When We Say Tonight We Meant “A” Night

, , , , , | Right | April 30, 2021

It’s our first time in the US, and my fiancé and I, both Swedish, see that they are selling tickets for the Tonight Show. We happily approach the ticket booth.

Me: “Two tickets for tomorrow, please.”

The ticket booth lady just stares at me.

Me: “Or are you sold out? It says on your screen that you are selling tickets for [Show].”

Ticket Booth Lady: “In May. The show is in May.”

Me: “2019-12-05, that’s December. Oh! Right, you guys write it in the wrong way!”

The look I got from the lady was NOT a kind one.

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I Pledge Allegiance To Tea And Scones

, , , , , | Learning | April 29, 2021

I was a teenage boy attending high school in the USA. Every morning, the whole class would stand up and, with varying degrees of enthusiasm, recite the pledge of allegiance. I did not join in.

As time went by, the homeroom teacher noticed my lack of standing and pledging, and she got angrier and angrier, until one day, she flipped out.

She grabbed me by my shirt and dragged me through the halls of the school, red-faced and screaming almost incoherently about the pledge, the flag, patriotism, and so on and so forth. She dragged me through the office, past a surprised-looking receptionist, and thrust me through a closed door and almost onto my bum in front of the principal, still screeching away at the top of her lungs.

When he could finally get a word in edgeways, the principal said;

Principal: “Why do you refuse to recite the pledge, young man?”

Me: “Well, I’m English. Why would I?”

I thought the teacher was going to burst a blood vessel in her brain when he calmly accepted my explanation. I ended up changing homerooms the next week. Can’t imagine why.


This story is part of our Best Of April 2021 roundup!

Read the next Best Of April 2021 roundup story!

Read the Best Of April 2021 roundup!

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Munchies Versus Upselling

, , , , | Right | April 28, 2021

The biggest thing we as employees have to do is upsell. Two guys come in, clearly stoned, and I can smell pot coming from them as soon as they walk in.

They look at the menu board and talk to each other for about five minutes before coming up to me.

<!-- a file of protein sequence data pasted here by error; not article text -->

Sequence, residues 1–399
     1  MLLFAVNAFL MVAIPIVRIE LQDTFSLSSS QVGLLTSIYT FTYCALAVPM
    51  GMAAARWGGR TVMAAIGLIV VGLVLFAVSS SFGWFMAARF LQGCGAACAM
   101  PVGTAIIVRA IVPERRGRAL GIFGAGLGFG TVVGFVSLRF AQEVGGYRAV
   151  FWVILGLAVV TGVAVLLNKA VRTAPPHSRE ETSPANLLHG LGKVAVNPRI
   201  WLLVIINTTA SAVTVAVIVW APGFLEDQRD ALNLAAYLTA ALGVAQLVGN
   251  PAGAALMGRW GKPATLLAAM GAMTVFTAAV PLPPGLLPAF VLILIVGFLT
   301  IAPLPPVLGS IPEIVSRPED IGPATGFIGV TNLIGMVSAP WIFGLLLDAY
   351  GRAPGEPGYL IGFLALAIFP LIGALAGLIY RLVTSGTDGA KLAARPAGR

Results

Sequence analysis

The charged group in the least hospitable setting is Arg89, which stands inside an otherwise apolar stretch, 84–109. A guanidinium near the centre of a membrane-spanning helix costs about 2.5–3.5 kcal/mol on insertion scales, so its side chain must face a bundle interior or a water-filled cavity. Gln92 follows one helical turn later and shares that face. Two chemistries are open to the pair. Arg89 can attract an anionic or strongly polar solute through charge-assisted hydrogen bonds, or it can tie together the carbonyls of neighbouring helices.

Customer #1: “Can we get a small popcorn?”

Me: “Okay, one small popcorn. Just so you know, you can upgrade to a large for two dollars more and you get free refills on it.”

The two guys look at me for a few seconds and then at each other. 

Customer #2: “We’ll take two larges.”

My manager, who heard the whole thing, comes over to me with his jaw dropped.

Manager: “How the h*** did you do that?!”

That was how I ended up training all new employees on how to upsell!

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At Least He Ended Up On His Good Side!

, , , , , | Legal | April 27, 2021

This happened to my grandfather when he was seventeen. He had worked at a job in an amusement park for a while, and eventually, he got promoted to the ticket booth. While he was being trained, his trainer took him to the side and pointed out a man. He told him that if the man, who was extremely muscular and absolutely huge, were to come up to the booth and demand all the money, he should give it to him.

Fast forward to later in the summer. My grandfather was working on closing the booth at night when four fairly large teens came up and asked for tickets. My grandfather said no and they promised to beat him up.

Sure enough, when my grandfather was leaving, the four guys were waiting for him in the parking lot. My grandfather, who weighed in at under 100 pounds and was a skinny, scared teen at the time, prepared to fight when the four guys ran away. My grandpa, feeling pretty good about himself, turned to see the huge man standing there, protecting him!

Fast forward once more to many years later. My grandfather was sitting and reading the paper when he saw a familiar face on the front page. The man who protected him was actually a hitman for the mafia and had pistol-whipped an old woman because her husband had owed the mafia money! And that’s the story of how my grandfather was unwittingly protected by the mafia.